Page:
Older Blood Pressure Medications-Do They Still Have a Place?
Am J Cardiol. 2011 May 6;
Authors: Slim HB, Black HR, Thompson PD
Hypertension is a major risk factor for cardiovascular disease, but control of hypertension remains inadequate, often because of poor patient adherence to prescribed medical regimens that are viewed as poorly tolerated and expensive. Physicians have largely stopped using some older blood pressure medications in favor of newer agents, mostly because of a presumed more favorable side effect profile. The investigators reviewed the pharmacologic properties and the evidence supporting the effectiveness and tolerability of several older blood pressure drugs: sympatholytic agents such as reserpine, methyldopa, and clonidine; diuretics such as chlorthalidone, ethacrynic acid and spironolactone; the vasodilators hydralazine and minoxidil; and others. In conclusion, some of these drugs are well studied and represent alternatives for patients who cannot afford or tolerate newer medications.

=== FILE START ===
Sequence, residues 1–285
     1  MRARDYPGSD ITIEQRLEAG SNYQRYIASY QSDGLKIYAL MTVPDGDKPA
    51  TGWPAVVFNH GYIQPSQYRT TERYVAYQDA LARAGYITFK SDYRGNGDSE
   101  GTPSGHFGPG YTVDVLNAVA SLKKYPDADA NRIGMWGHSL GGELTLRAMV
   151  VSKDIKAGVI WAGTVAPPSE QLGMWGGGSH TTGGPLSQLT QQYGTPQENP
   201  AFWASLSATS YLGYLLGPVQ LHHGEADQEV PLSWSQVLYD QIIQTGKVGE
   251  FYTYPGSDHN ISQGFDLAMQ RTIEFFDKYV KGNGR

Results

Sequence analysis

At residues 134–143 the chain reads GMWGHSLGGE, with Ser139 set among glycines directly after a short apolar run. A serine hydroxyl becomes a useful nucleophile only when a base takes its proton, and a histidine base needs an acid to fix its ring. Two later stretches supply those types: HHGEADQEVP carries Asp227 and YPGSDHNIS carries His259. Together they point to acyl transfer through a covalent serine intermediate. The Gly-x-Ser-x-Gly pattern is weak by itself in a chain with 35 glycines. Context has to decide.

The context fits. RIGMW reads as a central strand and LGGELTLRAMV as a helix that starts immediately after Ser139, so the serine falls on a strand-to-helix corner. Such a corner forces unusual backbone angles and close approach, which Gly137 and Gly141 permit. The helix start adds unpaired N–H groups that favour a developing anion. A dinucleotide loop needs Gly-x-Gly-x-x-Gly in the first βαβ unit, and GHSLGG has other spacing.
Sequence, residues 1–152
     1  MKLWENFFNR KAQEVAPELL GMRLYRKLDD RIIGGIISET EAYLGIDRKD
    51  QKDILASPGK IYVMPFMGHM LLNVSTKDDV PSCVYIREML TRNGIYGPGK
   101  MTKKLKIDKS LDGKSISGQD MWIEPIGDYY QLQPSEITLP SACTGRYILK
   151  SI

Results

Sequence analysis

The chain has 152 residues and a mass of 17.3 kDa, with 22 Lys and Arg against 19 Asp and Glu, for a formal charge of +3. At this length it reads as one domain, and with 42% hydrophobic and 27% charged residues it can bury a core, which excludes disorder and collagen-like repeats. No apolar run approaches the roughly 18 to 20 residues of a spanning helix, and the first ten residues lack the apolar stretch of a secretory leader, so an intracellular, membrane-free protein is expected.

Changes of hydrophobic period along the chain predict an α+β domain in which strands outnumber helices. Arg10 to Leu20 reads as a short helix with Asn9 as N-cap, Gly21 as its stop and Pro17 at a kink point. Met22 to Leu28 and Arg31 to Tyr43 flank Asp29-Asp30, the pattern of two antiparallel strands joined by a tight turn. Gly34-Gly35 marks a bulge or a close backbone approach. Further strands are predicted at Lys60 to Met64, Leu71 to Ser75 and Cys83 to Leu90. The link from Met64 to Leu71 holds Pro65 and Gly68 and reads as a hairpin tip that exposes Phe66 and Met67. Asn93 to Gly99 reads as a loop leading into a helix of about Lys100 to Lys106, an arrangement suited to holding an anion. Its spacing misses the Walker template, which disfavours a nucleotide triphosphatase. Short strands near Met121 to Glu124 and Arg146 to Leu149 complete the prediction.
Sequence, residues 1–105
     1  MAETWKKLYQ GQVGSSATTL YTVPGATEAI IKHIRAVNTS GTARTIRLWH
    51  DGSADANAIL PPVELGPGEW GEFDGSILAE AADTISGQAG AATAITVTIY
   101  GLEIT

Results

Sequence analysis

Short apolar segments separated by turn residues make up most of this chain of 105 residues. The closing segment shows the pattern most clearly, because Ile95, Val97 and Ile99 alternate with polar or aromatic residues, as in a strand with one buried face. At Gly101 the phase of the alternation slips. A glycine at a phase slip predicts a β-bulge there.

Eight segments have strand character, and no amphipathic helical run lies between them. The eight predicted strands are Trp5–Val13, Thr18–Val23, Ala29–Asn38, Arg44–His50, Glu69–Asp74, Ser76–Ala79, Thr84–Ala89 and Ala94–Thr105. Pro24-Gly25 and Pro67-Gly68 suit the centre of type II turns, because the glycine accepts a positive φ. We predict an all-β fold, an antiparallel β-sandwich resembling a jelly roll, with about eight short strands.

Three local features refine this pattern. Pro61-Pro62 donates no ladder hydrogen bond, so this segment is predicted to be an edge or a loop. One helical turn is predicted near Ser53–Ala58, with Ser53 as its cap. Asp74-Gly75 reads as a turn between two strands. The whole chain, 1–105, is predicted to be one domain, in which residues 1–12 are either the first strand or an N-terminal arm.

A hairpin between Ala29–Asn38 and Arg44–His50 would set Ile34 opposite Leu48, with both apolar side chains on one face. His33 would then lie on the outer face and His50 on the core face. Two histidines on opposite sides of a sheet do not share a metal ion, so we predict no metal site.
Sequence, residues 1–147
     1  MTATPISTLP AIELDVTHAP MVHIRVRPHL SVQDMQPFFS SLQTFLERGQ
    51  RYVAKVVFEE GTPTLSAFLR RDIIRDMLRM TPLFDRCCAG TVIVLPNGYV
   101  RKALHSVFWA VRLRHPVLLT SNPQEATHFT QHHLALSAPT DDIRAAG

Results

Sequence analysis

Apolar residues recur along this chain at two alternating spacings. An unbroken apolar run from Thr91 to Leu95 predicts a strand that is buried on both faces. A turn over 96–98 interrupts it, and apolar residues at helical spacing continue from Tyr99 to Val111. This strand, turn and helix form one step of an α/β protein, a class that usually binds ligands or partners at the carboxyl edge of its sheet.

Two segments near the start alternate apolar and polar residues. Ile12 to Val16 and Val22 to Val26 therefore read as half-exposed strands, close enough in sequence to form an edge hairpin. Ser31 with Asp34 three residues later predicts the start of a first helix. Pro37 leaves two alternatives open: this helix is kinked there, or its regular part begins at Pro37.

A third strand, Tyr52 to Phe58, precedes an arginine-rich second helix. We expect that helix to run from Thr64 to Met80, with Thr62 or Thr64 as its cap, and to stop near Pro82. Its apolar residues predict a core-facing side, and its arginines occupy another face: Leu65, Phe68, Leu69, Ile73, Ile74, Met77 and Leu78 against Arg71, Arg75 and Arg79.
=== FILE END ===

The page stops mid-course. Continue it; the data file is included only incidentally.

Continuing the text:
PMID: 21550576 [PubMed - as supplied by publisher]